In 1973, when we decided we wanted to open a gallery, it was very important to us to go and meet some of the artists. We admired the work from the Santo Domingo Pueblo in New Mexico, so my wife Carol, Jody and I traveled to the Southwest. Upon arriving at the Santo Domingo Pueblo, we were immediately surrounded by artists wanting to sell us their jewelry. Angie Reano squeezed through the crowd and said, “You come with me.” She took us to her house where she invited family members to come over and show us their work. What we didn’t know at the time was that the Reano family happened to be the most well-known traditional heishi and mosaic jewelry family in the Santo Domingo Pueblo. From this first experience, we all became good friends.
When the gallery opened in ’74, we wanted to invite some of the artists we met to come and do a show. Our very first show at Four Winds Gallery was with the Reano family. They all hopped in a van—seven adults and four children—and drove to Pittsburgh. No one had much money then, so they all stayed with us in my very small house. People slept on the floor. The entire floor was covered with people. It makes me smile now when I think of this. The show was fun and successful, and cemented my relationship with the Reano family—they have been represented in our gallery ever since.
Shortly after our first show, Frank Reano married Charlene and in 1980 they begin to design and make jewelry together. Charlene majored in art at the New Mexico Highlands University where she began to develop her own style of inlay using silver and gold. When she married into the Santo Domingo Pueblo she was encouraged by her mother-in-law, Clara Reano, to hone her skills in traditional jewelry making in the Santo Domingo style. Santo Domingo jewelers have an incredible history of creating essentially the same type of jewelry for thousands of years. Charlene collaborates with her husband, Frank, and together they specialize in authentic handmade jewelry, using methods that have been passed down by the Reano family for many generations.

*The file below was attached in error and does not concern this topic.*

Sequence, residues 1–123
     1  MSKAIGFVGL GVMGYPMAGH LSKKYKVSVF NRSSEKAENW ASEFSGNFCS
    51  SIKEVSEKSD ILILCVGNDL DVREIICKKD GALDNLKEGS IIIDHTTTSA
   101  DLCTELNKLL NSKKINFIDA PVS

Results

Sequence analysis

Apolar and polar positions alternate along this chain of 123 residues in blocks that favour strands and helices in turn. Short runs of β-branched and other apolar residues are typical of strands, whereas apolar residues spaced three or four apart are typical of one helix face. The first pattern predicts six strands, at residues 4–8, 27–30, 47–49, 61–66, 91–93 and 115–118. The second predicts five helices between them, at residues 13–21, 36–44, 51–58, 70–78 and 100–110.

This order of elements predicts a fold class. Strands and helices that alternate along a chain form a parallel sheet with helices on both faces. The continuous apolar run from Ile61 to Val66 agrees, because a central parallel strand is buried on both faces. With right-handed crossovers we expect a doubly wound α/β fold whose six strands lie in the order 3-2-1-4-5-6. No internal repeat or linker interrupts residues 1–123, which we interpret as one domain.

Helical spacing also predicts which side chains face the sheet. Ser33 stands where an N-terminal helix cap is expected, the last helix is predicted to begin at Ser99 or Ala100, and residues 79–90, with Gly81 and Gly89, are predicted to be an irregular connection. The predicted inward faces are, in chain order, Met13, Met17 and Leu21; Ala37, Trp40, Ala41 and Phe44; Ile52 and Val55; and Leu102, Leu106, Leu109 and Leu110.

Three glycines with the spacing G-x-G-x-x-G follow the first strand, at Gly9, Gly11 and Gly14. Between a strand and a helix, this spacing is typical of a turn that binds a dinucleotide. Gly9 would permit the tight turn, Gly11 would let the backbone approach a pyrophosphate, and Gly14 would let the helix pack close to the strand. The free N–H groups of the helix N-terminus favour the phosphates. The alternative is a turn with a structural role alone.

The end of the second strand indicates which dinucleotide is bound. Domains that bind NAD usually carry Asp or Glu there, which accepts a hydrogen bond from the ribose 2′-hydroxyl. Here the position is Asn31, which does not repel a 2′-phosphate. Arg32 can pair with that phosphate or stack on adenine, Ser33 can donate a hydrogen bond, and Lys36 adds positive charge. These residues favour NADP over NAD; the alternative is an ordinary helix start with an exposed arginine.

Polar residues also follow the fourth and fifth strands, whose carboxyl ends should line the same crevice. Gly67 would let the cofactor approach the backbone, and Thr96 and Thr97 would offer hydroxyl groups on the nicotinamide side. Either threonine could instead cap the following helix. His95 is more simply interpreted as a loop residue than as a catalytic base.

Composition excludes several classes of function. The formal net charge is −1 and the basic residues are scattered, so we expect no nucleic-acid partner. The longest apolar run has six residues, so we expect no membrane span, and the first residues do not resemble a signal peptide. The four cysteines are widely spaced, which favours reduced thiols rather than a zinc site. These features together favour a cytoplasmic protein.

|Percy Reano (left center) and Bernice Reano (right center) during their wedding at Reano family home at Santo Domingo Pueblo New Mexico.|
Charlene’s work looks contemporary, but she combines her designs with ancient symbolism. Part of Charlene’s exceptional talent, in addition to technical skill, is her sense of color. I love how she uses intuition to translate multiple colors in one piece into image and beauty. Speaking with her about where she gains her inspiration she tells me, “I think about the colors and designs for my pieces. I like to make and find unique materials to bring my ideas to life and much of my inspiration stems from the jewelry worn during the traditional dances.” Charlene continues “I take pride in my work and strive to continue to grow in my designs and within my own spirit.” Mosaic shell work is based on prehistoric traditions, before the introduction of silver. People would gather stone and shell, taking pine pitch (the original glue) to create designs onto shell or wood. Charlene and Frank have discovered their own style of mosaic inlay and as award-winning artists, their work has been recognized throughout the United States and around the world.
|Some of Charlene’s pieces on our website. Click here to see more.|